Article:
Life in the Slammer Part Deux



Firstly, my condolences to the surviving victims of the terrible warehouse fire in Oakland, and to the relatives of the dead. I am hearing that ATF are on the scene, which is encouraging – obviously arson has to be a possibility.

Notice I said “possibility” – I often get misquoted, or accused of making up my mind before the facts are in. We don’t yet know whether an accelerant was used, let alone the ignition source.

Brixton Nick

Whether by accident or design, prison life in Brixton was made more interesting by the fact that every prisoner in the van with me was made aware by Wandsworth that I had come off the isolation wing. A prison officer then quite improperly confirmed the indecent images conviction to a fellow-inmate, who then leapt to the conclusion that I was in prison for a sex offense.

That was nonsense, of course, but it didn’t stop him threatening me, nor others. Having been assured at Wandsworth that I was being transferred to an ‘open’, i.e. Cat D, wing, it was something of a shock to be told on arrival that I was going in to the general population! I was stuck in a cell, which whilst officially Cat C, was much worse than the Cat C accommodation I had just left. No en suite facilities, for one thing!

The general population idea lasted one night, after word reached officers that a group of prisoners had been overhead planning an attack on me on the showers. I was promptly transferred to the Cat D wing for safety, where of course I ended up being housed with a serial killer.

However at least there were decent shaving facilities, i.e. a mirror, so the beard came off. I must admit that I had rather started to like the Captain Ahab look, and started contemplating a career in the Navy.

There were quite a lot of Moslem prisoners at Brixton, who were anti-gay and at times quite offensive. The majority of prisoners were black, but this didn’t pose any particular problem for me, since I don’t happen to be a racist. I take people as I find them.

Since I was willing to help all fellow-prisoners with their legal problems, regardless of race or creed, word seemed to go around that I was ‘alright’. At any rate I wasn’t actually attacked. One odd phenomenon that I encountered was the unwillingness of a significant minority of black or Moslem prisoners to share the shower block with gay prisoners. It was quite sweet really. Gay men aren’t usually attracted to non-gays or bisexuals – sexual attraction is usually based on more than physical appearance.

The idea of a gay prisoner leaping on a heterosexual prisoner in the showers was actually pretty silly. If only these homophobes knew they were living with a gay serial killer!

As I mentioned last week, however, Stephen Port was a model prisoner at Brixton. He got on quite well with the screws and was no trouble to anyone. Of course no one in the wing was in his target group. I am not saying he isn’t a serial killer – he’s been found guilty by a jury of murdering four unfortunate young men. All I’m saying is that he didn’t murder anybody whilst on the wing.

The food was better than at Wandsworth, radio reception was better, so that I could at least listen to the Ashes, as well as watch the highlights (Stephen Port may have been a serial killer but at least he didn’t object to my watching the Test Match highlights!) and I finally received medical attention. The doc there was quite good actually. Even my meds were delivered on time.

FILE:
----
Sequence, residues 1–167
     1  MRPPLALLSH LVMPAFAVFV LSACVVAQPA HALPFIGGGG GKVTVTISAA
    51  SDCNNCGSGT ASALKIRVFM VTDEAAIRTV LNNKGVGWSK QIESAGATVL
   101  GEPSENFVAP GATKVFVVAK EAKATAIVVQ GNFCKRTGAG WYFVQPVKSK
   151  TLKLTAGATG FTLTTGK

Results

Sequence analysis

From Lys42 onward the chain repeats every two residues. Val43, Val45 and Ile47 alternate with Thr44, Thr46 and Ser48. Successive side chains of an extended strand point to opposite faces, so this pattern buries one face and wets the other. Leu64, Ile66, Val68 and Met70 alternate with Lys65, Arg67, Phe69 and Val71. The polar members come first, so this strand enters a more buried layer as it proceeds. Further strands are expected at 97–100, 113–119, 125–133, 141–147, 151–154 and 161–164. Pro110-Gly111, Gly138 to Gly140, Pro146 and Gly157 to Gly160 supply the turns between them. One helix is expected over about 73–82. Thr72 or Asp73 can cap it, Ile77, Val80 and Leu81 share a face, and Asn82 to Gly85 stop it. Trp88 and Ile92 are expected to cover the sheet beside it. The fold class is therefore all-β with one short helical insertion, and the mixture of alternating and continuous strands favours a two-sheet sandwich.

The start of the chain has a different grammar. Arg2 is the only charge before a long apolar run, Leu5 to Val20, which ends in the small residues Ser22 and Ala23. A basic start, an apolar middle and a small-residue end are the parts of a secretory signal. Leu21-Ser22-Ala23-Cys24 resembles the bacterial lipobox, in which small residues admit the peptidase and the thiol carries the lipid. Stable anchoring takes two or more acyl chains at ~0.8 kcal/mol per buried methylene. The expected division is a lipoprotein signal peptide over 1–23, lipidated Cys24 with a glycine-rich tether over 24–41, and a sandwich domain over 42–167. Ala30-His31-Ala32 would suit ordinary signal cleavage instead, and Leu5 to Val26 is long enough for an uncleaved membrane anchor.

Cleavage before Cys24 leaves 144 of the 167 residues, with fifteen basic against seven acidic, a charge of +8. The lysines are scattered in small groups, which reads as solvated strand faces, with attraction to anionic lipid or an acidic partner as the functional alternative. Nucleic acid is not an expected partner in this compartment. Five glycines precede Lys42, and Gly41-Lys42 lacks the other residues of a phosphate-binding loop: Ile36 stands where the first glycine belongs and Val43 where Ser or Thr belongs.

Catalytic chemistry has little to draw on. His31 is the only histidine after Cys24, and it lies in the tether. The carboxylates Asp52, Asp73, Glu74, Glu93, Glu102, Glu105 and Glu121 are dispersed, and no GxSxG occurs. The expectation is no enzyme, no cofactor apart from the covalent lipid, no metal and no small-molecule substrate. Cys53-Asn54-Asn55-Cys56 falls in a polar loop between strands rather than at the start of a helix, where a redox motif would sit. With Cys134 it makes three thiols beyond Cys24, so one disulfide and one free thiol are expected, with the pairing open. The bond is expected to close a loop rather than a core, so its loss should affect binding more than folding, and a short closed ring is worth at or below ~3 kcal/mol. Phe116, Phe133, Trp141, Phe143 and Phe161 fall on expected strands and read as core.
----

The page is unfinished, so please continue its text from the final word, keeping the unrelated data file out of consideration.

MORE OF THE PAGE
The murder rate was lower than at Wandsworth, too – we lost one guy to a drug overdose whilst I was there, but nobody was actually murdered. In hindsight, it is rather amusing that Stephen Port was let out early on a tag, whilst I was denied one. Perhaps I should have told the prison probation officer that I wanted to drug somebody and kill them! Darn it, I knew I was screwing up my application somewhere.

There were plenty of other murderers. One of the things I discovered about Cat D is that is it contained a surprising number of lifers coming to the end of their sentences. You can do your last two years in open conditions, if your behaviour justifies it. You had to be careful asking whether prisoners were married or not – at least one chap had knocked off his wife.

On the whole, you couldn’t have wished to come across a nicer bunch of murderers. One was the wing barber and even shaved my beard off for me, the first time I’d ever been shaved by a murderer! He was trusted, albeit not with a cut-throat razor.

In prison you have to learn to get along with all manner of men, or women, if it comes to that, if you happen to be in a women’s prison, or men who think they are women. If you’re innocent, as I was, there isn’t much point in adopting airs and graces, and not wanting to talk to the other prisoners on the ground that they’re criminals. Of course they are – that’s why they’re there. Only a minority are innocent, or guilty of crimes committed so long ago they should never have been prosecuted, let alone sent to prison.

One of the men I encountered was a nice, retired IRA gunrunner. If I ever had a requirement for a shipment of AK-47s I’d trust him to deliver, on time and for the stated price. I’d stand more chance of being ripped off by British Gas, if it came to it. He was aware that MI5 had asked the Provos on the backchannel to take out Lord Mountbatten. This cleared up one puzzle – I knew Lord Louis had been spotted as a Germany spy in 1941 by MI18, which they then kept very secret, and much later, by MI5, as part of their informal inquiry into the aborted 1968 coup. That was the one where Mountbatten wanted to impose himself on the UK as military dictator and take us into the EEC.

Since Jerry set up and controlled the Provos I was puzzled as to why they had taken him out. Since the Provos didn’t know (1) that he was a German agent and (2) that we knew, they were puzzled as to why we had asked them to bump Mountbatten off. Of course he was given a good funeral. You should always arrange a good funeral for those you’ve had bumped off – it helps to allay suspicion. Besides it’s bad form to have somebody bumped off then deny them a decent burial.